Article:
Referring to FIG. 3, a portion 40 of the lower wall 34 of the channel containing the lower electrode 21 is rotatable about line 41 through a key and slot arrangement. Keys 43--43 are positioned in mating quarter-circle slots 45 in the sides of rotatable portion 40 and the adjoining side of lower wall 34.
The mechanism for raising and lowering the rotatable portion 40 about line 41 in precise increments is a screw-driven double-inclined plane device which includes a rod 47 treaded on one end, a knurled trapped drive nut 48, a retainer 50 and a block 49. Rotation of nut 48 results in transverse movement of rod 47, which is fitted in a transverse opening 51 in the lower wall of the laser. About midpoint of rod 47 is a portion 53 which defines an inclined plane. The block 49 has one surface 55 which rests on portion 53 and has a reverse incline so that its upper surface 57 is horizontal. A portion of block 49 extends upwardly through an opening 59 in the lower wall and bears against the bottom of the rotatable portion 40 in the vicinity of the downstream end 40a of rotatable wall portion 40.
Transverse movement of rod 47 by rotation of the trapped drive nut results in an up/down movement of rotatable portion 40. In the embodiment shown, portion 53 of block 47 and surface 55 of block 49 are inclined at approximately 4°. The angle of incline, the angular pitch of the threads on rod 47 and the distance between the mating inclined surfaces and the axis of rotation are all such that a one-quarter turn of nut 48 results in 0.01° angular adjustment of rotatable portion 40. Hence, the present structure permits very accurate rotational adjustments. When the desired rotation is achieved, rod 47 may be locked in position, permitting laser operation.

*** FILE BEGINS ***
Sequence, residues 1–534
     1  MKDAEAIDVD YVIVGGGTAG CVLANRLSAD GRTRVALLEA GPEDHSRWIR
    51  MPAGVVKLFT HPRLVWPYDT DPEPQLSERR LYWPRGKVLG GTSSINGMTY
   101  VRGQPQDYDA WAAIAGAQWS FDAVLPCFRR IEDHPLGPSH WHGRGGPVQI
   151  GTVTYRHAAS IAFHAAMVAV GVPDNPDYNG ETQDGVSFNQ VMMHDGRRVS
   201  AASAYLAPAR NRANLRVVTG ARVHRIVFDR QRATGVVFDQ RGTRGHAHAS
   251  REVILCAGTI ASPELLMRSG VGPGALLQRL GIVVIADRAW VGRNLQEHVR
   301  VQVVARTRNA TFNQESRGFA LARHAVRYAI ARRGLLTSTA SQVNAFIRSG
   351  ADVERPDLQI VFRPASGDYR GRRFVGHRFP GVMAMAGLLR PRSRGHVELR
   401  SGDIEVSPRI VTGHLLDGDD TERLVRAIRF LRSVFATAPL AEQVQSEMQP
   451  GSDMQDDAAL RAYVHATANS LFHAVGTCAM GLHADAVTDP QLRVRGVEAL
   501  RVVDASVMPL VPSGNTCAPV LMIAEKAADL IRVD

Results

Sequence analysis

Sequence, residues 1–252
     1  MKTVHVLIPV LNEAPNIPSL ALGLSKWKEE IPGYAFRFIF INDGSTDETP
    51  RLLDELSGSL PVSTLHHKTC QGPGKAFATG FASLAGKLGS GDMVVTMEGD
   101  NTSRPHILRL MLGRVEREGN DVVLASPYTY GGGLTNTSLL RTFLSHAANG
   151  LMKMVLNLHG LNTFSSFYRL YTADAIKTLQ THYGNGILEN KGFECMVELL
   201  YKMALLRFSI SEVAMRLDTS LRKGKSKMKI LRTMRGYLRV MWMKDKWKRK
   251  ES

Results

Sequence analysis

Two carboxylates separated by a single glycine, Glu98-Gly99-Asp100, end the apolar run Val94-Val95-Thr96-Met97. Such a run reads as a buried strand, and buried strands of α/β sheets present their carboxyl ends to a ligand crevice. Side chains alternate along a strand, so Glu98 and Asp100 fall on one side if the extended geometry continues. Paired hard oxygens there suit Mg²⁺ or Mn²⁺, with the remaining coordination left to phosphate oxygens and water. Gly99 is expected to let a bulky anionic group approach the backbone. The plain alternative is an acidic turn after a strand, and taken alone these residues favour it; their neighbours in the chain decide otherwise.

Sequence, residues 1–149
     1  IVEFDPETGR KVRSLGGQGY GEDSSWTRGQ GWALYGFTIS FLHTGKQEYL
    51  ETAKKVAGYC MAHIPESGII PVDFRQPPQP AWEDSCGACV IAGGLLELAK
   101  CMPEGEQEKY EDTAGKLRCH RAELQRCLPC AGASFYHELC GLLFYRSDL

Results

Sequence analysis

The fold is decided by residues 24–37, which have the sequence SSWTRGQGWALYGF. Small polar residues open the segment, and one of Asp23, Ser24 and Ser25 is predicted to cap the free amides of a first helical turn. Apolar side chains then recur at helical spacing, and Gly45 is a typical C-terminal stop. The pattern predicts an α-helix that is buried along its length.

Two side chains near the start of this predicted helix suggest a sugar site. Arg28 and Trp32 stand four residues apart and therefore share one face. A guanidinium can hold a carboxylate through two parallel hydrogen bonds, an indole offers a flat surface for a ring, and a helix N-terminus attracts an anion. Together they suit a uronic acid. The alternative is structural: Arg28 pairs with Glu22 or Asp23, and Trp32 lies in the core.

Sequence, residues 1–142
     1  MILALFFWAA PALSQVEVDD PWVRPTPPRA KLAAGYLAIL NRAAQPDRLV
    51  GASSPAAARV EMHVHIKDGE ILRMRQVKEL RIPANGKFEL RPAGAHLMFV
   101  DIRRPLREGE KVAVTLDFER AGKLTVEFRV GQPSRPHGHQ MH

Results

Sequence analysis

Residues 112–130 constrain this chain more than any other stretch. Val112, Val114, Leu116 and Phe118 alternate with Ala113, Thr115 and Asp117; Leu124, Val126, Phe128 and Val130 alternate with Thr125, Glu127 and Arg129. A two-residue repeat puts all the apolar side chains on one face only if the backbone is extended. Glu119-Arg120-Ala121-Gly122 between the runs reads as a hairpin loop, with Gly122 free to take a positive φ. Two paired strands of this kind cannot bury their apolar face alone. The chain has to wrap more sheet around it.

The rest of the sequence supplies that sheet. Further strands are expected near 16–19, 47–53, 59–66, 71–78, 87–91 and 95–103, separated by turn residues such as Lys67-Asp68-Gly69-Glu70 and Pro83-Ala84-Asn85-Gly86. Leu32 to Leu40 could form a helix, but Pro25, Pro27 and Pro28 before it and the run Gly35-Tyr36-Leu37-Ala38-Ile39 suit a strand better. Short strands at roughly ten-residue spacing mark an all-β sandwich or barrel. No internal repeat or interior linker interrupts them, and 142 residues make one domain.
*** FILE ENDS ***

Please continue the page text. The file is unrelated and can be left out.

Thus, a new combined nozzle-laser channel has been disclosed which combines a number of novel structural features, including (1) the continuation of the nozzle contour curve a specified distance beyond the nozzle exit, and (2) the formation of the nozzle and the laser channel from unitary walls of insulating material to produce a device which has minimal thermal boundary losses, and substantially improved efficiency and power capability over prior art devices.
It should be understood that although an exemplary embodiment of the invention has been disclosed for purposes of illustration, various changes, modifications and substitutions may be incorporated in such embodiment without departing from the spirit of the invention, as defined by the claims which follow:
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|US6636545 *||Mar 5, 2001||Oct 21, 2003||Alexander V. Krasnov||Supersonic and subsonic laser with radio frequency excitation|
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|US20040105478 *||Oct 1, 2003||Jun 3, 2004||Krasnov Alexander V.||Supersonic and subsonic laser with radio frequency excitation|
|US20100071793 *||Mar 25, 2010||Hatch Ltd.||Apparatus for stabilization and deceleration of supersonic flow incorporating a diverging nozzle and perforated plate|
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|U.S. Classification||313/148, 313/231.61, 372/58, 372/55, 376/317|